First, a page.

There are two extremes in society -- nothing but face-to-face, and almost entirely through media. Even in a society excavated in Orkney (life expt. 20) there were signs of media. Amazon Indians communicate a great deal with each other, with anthropologists, and with the natural world around them.
There will be increasing availability of information throughout the world. There is now an all-year shopping channel in the UK for example. The satellite station MTV-Europe beams to 55 million homes on Europe. Satellites will offer 150 channels in the US; 500 is hoped for soon. It is claimed, in the TLS, In the forests of Liberia, teenage guerillas watch Rambo and pornography and model their atrocities on them. A new game has a Sun photographer as its hero. Virtual reality would allow you to view a house ... in Holland this has increased house sales. It could replace aircraft simulators, thus saving money, and even for battlefield training.
The problems set by the media are set not only by these advanced media. What is the quality of life mediated by them? They are between us and reality. Estrangement or alienation can be produced by this mediation -- we experience more, but it is distant and transmuted. Kierkegaard: Our age is essentially one of understanding and reflection, of talking, of advertising and publicity; without passion. A passionate tumultous age would pull things down, but a passionless reflective revolutionary age subtly empties things of their meaningfulness. Intelligence transforms the real task into a trick, and reality into a play (wrt a skater on thin ice, but staying on what is safe) -- danger becomes an entertainment. The press in war-torn countries do bring our attention to things, but our attention is short. De Waal (TLS) again: watching a TV crew in a refugee camp is an appalling experience, they seek out the frailest and dying, wait for peoples' last breaths; chiefs line up stricken people photogenically; (papers are not to so bad); the media are trapped by the situation too.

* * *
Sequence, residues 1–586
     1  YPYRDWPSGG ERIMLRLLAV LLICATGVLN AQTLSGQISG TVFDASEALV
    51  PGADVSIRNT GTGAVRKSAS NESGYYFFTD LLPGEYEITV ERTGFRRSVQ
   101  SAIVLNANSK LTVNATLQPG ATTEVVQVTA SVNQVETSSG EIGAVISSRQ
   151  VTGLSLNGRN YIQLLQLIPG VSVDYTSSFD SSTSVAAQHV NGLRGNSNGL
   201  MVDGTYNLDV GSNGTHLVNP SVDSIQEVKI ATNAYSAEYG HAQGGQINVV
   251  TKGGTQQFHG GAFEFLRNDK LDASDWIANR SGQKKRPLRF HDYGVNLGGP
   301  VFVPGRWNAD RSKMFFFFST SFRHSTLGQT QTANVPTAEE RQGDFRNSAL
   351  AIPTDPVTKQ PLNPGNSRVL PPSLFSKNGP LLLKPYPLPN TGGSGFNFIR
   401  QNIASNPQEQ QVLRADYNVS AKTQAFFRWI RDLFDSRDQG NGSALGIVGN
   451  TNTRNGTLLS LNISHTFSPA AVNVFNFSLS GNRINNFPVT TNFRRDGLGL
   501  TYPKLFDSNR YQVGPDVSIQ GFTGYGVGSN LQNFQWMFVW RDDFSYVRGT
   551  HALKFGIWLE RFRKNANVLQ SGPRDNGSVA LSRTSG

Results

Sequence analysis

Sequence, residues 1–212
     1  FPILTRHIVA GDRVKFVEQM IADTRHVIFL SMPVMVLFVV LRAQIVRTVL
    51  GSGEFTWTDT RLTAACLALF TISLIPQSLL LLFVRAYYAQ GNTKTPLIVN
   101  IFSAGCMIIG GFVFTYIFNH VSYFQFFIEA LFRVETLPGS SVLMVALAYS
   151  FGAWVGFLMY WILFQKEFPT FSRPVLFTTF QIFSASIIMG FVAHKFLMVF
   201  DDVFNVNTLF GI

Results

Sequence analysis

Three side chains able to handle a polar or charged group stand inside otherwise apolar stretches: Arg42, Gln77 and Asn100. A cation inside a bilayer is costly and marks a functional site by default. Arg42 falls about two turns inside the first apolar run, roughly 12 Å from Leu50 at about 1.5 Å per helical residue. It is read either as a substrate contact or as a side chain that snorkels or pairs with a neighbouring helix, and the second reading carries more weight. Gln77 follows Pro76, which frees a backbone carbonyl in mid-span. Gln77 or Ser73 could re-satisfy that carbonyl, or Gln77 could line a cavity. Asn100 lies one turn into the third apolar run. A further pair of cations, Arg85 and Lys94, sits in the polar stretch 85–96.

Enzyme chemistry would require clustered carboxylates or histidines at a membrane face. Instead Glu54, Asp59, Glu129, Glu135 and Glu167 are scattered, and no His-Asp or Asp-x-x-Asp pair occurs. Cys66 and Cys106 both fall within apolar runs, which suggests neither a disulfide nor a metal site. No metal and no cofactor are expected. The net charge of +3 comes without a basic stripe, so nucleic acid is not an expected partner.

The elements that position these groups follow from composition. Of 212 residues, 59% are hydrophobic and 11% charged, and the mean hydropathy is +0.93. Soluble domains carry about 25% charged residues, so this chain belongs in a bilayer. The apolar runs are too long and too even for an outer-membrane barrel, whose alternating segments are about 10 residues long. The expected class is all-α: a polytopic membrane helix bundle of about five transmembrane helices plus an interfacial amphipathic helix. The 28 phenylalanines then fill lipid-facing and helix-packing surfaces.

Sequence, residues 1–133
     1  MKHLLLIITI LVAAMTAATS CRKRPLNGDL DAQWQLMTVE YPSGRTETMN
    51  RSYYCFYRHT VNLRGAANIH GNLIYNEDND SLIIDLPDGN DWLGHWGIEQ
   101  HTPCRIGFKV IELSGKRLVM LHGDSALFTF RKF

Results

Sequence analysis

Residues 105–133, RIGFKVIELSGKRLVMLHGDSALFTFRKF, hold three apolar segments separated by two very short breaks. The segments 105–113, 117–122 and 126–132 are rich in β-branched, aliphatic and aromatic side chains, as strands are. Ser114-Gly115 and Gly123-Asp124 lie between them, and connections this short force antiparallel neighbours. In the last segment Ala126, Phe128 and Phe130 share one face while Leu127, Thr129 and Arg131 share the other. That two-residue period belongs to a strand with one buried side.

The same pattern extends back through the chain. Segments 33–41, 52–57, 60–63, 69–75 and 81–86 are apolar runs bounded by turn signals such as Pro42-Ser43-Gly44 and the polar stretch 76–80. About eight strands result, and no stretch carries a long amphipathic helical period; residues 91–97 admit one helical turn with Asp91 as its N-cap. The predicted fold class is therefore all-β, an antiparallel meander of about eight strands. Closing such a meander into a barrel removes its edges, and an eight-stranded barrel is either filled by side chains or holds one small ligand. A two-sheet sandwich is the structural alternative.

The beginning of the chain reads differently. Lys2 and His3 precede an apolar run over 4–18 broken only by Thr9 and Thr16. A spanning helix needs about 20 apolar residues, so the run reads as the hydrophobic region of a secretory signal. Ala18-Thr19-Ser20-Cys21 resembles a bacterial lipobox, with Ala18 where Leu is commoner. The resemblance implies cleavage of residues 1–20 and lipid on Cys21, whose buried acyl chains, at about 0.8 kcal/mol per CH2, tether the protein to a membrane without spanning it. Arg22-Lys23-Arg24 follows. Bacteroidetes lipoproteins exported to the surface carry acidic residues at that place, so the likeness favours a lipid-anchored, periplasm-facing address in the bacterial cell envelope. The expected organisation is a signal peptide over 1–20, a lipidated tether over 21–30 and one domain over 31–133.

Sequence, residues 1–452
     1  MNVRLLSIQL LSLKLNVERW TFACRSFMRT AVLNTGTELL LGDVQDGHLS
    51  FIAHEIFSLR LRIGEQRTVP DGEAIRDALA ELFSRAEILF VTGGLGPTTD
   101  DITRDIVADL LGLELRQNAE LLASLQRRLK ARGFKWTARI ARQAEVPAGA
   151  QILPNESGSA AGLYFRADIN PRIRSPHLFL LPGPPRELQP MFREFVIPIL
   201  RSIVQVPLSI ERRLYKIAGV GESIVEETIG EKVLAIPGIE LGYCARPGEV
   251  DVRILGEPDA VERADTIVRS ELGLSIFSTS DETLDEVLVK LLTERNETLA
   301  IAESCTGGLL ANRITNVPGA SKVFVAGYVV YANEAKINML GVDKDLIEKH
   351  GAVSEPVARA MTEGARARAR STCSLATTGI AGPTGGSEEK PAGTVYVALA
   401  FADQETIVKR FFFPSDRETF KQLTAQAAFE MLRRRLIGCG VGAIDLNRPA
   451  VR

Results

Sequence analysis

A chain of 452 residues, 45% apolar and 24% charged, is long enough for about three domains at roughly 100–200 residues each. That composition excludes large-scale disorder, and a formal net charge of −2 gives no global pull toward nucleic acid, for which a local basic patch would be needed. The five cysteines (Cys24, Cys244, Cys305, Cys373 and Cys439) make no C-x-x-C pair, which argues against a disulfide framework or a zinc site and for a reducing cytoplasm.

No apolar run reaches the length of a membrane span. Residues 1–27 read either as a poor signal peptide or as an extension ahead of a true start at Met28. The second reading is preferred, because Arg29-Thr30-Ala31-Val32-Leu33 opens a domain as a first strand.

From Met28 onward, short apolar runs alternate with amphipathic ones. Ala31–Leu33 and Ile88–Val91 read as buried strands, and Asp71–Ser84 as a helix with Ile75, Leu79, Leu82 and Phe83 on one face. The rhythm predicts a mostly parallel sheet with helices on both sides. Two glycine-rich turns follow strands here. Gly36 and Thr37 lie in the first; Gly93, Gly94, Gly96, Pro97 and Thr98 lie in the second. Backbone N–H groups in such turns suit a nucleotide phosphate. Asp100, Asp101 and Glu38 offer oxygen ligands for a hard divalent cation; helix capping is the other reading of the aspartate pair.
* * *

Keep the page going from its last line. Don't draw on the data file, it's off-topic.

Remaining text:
What of the way forward to 2000? Computers, Comms, entertainment etc are all coming together. Technology will give more choice of access to information, which may counteract monopolism. We may be able to pick and mix what we see. Who pays, and what for? On cable, it is largely films and sports events that people are happy to pay for. It is almost seen as a right, just after bread.
What can the response of Christians, of the Church, be? Withdraw? Engage? Kierkegaard urges living as though withdrawn, but he was an arch-individualist. But there may be more need for Christians to communicate face-to-face as a way to witness. Engage: use of existing media for Christian purposes? In 2000, when people are at their video terminals, Christians will want to communicate with them through those channels.
But Christianity is about incarnation, not about virtual reality.
We are in the business of communication, not just words but the Word. One-to-one communication, and preaching, cannot be replaced.